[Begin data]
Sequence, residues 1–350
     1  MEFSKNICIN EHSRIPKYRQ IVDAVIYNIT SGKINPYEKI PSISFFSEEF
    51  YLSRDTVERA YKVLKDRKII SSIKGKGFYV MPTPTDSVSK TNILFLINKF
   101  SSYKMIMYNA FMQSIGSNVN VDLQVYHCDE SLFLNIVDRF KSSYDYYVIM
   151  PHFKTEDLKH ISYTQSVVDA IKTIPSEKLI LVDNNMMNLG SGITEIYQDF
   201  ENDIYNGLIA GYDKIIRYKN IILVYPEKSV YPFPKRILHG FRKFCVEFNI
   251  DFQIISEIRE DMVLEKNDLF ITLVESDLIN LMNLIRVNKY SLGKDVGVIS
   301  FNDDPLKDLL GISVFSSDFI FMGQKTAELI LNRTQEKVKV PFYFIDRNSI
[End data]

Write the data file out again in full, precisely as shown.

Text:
Sequence, residues 1–350
     1  MEFSKNICIN EHSRIPKYRQ IVDAVIYNIT SGKINPYEKI PSISFFSEEF
    51  YLSRDTVERA YKVLKDRKII SSIKGKGFYV MPTPTDSVSK TNILFLINKF
   101  SSYKMIMYNA FMQSIGSNVN VDLQVYHCDE SLFLNIVDRF KSSYDYYVIM
   151  PHFKTEDLKH ISYTQSVVDA IKTIPSEKLI LVDNNMMNLG SGITEIYQDF
   201  ENDIYNGLIA GYDKIIRYKN IILVYPEKSV YPFPKRILHG FRKFCVEFNI
   251  DFQIISEIRE DMVLEKNDLF ITLVESDLIN LMNLIRVNKY SLGKDVGVIS
   301  FNDDPLKDLL GISVFSSDFI FMGQKTAELI LNRTQEKVKV PFYFIDRNSI